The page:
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Baruj Avram on How Your Office Layout Can Reduce or Increase The Risk of Employee Burnout

When it comes to the topic of avoiding burnout, areas like work-life balance and company vacation policies typically come to mind for entrepreneurs and working professionals alike. Yet, an area that could have a profound impact on your employee’s overall satisfaction in the workplace that is too often overlooked is your company’s office space. From […]

When it comes to the topic of avoiding burnout, areas like work-life balance and company vacation policies typically come to mind for entrepreneurs and working professionals alike. Yet, an area that could have a profound impact on your employee’s overall satisfaction in the workplace that is too often overlooked is your company’s office space. From general design to the ins and outs of your kitchen, the environment your office facilitates to employees can have a profound effect on reducing or exacerbating burnout—which can, in turn, improve or damage your bottom line.

A company filled with workers who are approaching burnout will likely hurt team chemistry, and even overall performance metrics. Here are 5 strategies to keep in mind related to office design that can help transform the mood of your workplace from mediocre to memorable, increasing productivity and employee well-being across the board.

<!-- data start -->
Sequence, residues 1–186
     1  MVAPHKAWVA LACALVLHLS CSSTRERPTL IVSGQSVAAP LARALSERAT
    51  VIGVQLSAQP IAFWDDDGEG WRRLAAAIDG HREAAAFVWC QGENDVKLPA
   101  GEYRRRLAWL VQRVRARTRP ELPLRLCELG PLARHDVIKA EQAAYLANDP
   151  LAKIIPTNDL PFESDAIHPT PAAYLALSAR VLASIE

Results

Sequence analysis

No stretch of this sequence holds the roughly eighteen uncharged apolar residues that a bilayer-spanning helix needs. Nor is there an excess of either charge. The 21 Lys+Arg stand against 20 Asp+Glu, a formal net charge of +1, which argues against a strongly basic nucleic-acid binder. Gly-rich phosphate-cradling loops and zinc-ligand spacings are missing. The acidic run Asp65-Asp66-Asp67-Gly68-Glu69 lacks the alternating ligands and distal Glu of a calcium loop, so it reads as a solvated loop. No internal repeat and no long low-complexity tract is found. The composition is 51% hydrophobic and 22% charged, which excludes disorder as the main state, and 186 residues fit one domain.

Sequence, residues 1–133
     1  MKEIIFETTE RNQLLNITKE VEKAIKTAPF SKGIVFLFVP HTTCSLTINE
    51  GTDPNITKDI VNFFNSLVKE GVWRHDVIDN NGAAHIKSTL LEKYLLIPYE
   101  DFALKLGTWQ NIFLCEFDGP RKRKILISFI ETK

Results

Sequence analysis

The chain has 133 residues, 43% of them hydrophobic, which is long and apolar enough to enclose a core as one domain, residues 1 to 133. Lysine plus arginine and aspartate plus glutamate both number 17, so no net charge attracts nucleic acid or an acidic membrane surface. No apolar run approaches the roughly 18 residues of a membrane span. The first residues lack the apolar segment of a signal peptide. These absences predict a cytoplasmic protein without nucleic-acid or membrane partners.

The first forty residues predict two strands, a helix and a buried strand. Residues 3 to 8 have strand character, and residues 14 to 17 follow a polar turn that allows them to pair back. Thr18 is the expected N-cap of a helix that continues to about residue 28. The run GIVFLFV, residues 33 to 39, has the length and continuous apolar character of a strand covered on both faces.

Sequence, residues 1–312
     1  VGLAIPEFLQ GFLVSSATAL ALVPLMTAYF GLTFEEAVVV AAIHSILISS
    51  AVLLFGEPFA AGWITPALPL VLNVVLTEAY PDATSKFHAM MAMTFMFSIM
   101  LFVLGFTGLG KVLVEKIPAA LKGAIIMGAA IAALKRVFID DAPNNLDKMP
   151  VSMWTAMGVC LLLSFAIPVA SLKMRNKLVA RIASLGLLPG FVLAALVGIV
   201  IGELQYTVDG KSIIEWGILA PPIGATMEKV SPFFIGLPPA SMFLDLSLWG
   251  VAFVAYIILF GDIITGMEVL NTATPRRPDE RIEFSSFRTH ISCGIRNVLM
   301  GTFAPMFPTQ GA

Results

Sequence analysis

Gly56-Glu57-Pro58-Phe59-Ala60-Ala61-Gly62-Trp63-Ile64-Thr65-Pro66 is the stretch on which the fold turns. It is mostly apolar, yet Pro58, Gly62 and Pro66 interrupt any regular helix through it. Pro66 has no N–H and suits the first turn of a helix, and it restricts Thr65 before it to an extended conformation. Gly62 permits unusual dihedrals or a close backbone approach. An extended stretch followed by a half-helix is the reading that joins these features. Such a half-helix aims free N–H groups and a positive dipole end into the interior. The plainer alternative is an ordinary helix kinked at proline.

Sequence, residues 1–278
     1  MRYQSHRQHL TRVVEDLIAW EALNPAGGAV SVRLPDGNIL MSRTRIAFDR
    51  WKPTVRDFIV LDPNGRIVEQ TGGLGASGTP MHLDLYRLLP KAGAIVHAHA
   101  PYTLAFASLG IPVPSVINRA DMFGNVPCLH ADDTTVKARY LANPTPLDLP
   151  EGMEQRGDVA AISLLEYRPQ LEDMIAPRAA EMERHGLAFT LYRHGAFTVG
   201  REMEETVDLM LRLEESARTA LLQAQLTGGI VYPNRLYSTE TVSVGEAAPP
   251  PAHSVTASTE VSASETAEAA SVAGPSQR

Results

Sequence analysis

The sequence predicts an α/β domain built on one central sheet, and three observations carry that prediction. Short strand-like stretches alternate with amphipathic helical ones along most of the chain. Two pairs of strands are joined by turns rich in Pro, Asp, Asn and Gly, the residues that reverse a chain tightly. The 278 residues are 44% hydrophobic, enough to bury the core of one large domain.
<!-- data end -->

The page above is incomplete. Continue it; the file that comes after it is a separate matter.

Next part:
#1. Open offices aren’t always the answer.

With the meteoric rise of coworking spaces and shared office spaces, many startups and other businesses have adopted the open office style—believing it will improve cross-team communication and the isolation of cubicles. Yet, recent research has illustrated open offices might not be as beneficial as the business world has perceived them to be. 

In fact, according to a recent study conducted by Harvard Business School, open offices actually decreased the volume of face-to-face interaction by a whopping 70%. On top of that, a report covered in Forbes claimed that one-third of surveyed workers feel distractions and noise from open work spaces actually hinders their productivity, while 1 in 6 say it presents hurdles for their creativity as well.

#2. Brighten up your workspace.

As consumers, there’s a psychological reason why we feel more cheery inside a brightly lit Target than we do a dreary, dark Walmart: the lighting. Much like seasonal mood swings become more common during the winter months when the sun sets earlier than normal, dimly lit stores don’t give customers the same positive stimuli that bright ones do.

The same principle applies to office spaces. If your office is illuminated with a solid amount of natural light, your employees will feel more at ease, cozy and congenial than they would in a darker, duller workspace. Baruj Avram is the CEO of US-based Titanium Group,which is the parent company of Panama’s largest real estate development firm, Regency Real Estate, a company that specializes in everything from commercial to residential to mixed-use projects in real estate. 

The Regency Group is avid about keeping office spaces well-illuminated, and are proponents of the close association between office design and workplace productivity—which has been one of the keys to their sustained success and popularity over the 58 years they’ve been in business.